“Taking the anti-graft law enforcement as an opportunity, (we) should overhaul the level of precision management and step up ethical business,” Huh told the executive board members in the quarterly meeting.
Since late September, the Improper Solicitation and Graft law has banned public servants, journalists and those working for private education institutions from giving for receiving free meals, presents or monetary gifts, respectively worth 30,000 won ($27), 50,000 won and 100,000 won or higher.
|GS Group Chairman Huh Chang-soo|
“We must keep in mind that no matter how good the performance is, if we fail in running an ethical business, we will lose the trust of the customers and society in a blink that would lead to a risk in the company’s existence.”
Huh also urged the high-ranking members to fully prepare in advance for any new chances.
“Although it is not easy to predict the future in the fast-changing environment transformed by innovative technology and new business models, (we) need entrepreneurship and insight that would allow us to quickly find hidden opportunities,” he added.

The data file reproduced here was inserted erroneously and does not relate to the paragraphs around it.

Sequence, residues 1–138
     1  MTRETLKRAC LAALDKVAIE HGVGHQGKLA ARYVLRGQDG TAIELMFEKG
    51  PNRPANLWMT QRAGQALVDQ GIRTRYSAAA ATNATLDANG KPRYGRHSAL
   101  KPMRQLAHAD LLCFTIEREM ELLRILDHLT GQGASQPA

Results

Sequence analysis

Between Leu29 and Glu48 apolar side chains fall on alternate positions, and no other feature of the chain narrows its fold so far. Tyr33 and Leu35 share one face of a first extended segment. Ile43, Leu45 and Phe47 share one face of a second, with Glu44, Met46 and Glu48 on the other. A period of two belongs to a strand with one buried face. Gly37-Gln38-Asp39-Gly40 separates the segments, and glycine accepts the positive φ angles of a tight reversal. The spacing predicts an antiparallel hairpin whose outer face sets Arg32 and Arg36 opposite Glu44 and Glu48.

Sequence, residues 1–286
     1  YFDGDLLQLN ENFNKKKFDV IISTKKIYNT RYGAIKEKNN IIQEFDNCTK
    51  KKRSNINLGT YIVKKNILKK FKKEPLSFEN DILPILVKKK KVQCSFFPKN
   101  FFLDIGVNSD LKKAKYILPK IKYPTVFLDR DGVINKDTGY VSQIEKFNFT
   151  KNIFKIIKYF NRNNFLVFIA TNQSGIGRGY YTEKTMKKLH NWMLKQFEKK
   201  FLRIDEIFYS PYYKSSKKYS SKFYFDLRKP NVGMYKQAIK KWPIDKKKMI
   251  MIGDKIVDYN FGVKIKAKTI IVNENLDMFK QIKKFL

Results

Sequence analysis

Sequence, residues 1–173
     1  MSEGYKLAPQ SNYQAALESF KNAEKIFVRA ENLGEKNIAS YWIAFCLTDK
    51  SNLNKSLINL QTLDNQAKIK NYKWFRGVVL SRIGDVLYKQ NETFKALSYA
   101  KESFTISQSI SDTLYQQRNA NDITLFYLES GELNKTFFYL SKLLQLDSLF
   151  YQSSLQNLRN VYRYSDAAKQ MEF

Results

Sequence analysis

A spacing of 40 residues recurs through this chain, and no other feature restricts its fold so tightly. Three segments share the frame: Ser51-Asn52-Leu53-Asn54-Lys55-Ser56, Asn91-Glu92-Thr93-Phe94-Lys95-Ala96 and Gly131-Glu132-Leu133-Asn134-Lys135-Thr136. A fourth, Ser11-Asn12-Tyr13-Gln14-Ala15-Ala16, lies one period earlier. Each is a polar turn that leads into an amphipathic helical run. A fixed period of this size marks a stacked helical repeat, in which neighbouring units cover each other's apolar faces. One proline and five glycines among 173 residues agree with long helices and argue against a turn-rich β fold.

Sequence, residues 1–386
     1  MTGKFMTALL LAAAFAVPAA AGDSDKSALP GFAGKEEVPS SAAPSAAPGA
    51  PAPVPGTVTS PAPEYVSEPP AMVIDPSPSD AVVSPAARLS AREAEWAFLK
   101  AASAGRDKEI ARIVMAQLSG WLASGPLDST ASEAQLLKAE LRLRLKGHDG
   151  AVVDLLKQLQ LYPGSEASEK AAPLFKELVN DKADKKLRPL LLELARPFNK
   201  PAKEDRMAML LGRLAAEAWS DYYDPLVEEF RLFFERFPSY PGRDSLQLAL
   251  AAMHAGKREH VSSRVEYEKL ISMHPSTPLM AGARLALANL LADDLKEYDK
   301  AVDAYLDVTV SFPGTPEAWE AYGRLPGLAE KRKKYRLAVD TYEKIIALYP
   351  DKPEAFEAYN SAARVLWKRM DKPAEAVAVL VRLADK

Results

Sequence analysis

“Sustainable growth is only possible when balancing the preparation for the future and creating an outcome at present.”
Mentioning the CEO meeting held in Malaysia and Singapore last week, the chairman stressed the growing importance of the Southeast Asian market.
“The reason GS Group is paying attention to the Southeast Asian market is that it is recording a high annual growth rate of 6 to 7 percent amid the world’s low growth economy, and that the market potential is high as the population exceeds 600 million,” Huh said.
“In order to effectively enter the Southeast market, it is important to draw up long-term business strategies and prepare thoroughly for localization by understanding the regional culture well and securing high quality local human resources.”
By Lee Hyun-jeong/The Korea Herald (email@example.com)